Adventure Time. Vol. 1 written by Ryan North. Illustrated by Shelli Paroline, Braden Lamb and Mike Holmes. Kaboom!, 2013.
This is the first book of a graphic novel series based on the Cartoon Network show by the same name, which I have not seen. I saw it recommended on one of the graphic novel blogs I read, No Flying, No Tights, and brought it home for my son. He gobbled it up and loved it so much that I had to read it for myself to find out why. In the main storyline, a Lich King has come to the land of Ooo with a magical Bag of Holding, into which he intends to stuff everything. Yes, everything. Naturally, our heroes Jake the Dog and Finn the human must save the day. But before they find out about this, they attempt to help the Bubblegum Princess’s BMO, a small computer-like device, feel better about his non-existent fighting skill by letting it teach them how to deliver proper battle insults. Marcelline the Vampire Queen, the old Ice King in search of a bride, and the Desert Princess all play a role in this exciting story. It’s very clever, with lots of fun jokes and little panels showing a side story running at the bottom of the pages under the main story. The art stays very cohesive despite having a different illustrator for each chapter, in a fun, simplistic and flat but colorful style that looks like it’s pulled straight from the TV show.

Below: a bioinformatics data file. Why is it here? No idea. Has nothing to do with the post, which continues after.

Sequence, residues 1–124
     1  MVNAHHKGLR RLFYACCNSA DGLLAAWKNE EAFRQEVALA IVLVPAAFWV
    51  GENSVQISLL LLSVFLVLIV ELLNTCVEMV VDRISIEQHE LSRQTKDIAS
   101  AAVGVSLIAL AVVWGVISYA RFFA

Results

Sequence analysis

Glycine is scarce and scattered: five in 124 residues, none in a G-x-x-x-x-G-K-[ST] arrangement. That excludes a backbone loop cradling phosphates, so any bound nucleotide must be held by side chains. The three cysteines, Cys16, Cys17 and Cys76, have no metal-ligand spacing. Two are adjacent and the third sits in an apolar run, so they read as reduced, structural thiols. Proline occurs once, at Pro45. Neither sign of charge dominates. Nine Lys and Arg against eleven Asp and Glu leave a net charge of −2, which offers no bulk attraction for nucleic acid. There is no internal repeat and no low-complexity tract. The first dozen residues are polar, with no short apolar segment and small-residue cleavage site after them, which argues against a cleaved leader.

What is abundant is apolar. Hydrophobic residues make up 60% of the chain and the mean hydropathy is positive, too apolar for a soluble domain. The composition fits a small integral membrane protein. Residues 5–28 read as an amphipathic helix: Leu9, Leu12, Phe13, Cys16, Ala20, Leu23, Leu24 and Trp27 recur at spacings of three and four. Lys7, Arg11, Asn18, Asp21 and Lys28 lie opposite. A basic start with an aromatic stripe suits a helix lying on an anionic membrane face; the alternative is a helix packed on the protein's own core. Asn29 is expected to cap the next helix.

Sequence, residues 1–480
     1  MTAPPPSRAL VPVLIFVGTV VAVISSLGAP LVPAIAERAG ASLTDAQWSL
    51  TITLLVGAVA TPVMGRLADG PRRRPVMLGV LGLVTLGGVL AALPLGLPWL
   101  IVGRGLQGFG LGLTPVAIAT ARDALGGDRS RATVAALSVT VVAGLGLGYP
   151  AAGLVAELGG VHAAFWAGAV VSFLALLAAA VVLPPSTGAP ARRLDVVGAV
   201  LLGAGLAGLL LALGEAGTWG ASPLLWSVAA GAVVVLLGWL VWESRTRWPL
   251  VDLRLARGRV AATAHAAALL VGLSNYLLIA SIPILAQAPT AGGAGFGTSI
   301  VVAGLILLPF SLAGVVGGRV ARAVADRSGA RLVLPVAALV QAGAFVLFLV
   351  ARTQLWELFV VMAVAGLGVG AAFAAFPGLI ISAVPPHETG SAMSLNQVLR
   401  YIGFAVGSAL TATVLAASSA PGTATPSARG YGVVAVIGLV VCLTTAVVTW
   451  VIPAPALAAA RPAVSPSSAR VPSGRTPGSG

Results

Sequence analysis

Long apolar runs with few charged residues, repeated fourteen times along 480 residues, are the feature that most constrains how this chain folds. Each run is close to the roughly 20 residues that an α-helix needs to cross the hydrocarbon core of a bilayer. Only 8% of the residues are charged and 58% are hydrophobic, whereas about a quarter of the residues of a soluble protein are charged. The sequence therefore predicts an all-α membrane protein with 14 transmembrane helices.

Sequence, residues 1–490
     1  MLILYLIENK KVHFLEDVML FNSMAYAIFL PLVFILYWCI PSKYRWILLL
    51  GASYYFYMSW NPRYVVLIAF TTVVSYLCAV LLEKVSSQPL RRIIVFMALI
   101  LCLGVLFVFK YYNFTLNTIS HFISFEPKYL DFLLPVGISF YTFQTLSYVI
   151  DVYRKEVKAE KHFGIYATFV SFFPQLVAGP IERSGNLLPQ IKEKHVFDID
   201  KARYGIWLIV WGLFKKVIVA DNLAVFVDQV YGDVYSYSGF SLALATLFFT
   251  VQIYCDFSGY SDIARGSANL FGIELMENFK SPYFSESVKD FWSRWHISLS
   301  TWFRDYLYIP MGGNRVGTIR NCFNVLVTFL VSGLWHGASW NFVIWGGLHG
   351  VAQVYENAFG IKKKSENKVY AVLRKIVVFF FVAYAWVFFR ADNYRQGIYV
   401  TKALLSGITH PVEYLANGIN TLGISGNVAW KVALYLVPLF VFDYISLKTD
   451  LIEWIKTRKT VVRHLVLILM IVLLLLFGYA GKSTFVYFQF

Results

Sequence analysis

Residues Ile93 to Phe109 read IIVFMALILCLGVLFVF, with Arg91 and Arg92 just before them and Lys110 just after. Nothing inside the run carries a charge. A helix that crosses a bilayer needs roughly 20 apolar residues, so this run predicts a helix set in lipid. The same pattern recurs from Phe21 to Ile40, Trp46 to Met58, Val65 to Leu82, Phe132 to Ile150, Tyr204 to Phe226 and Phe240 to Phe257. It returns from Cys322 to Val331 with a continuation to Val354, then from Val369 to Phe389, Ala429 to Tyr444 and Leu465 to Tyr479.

My biggest beef is the lack of diversity: while the highly fantasy characters come in brown and purple, the many human characters range in color from dead white to bubblegum pink, the closest the story comes to a single character of color. The leads, too, are male, with the girls limited to supporting roles. There’s really no excuse for that kind of storytelling these days, and I have to believe that a story this well-written would be popular no matter the color or gender of the main characters. That being said, my suggestion would be to read it with your kid along with stories with more diverse characters and use it as an opportunity for a discussion about diversity and gender roles.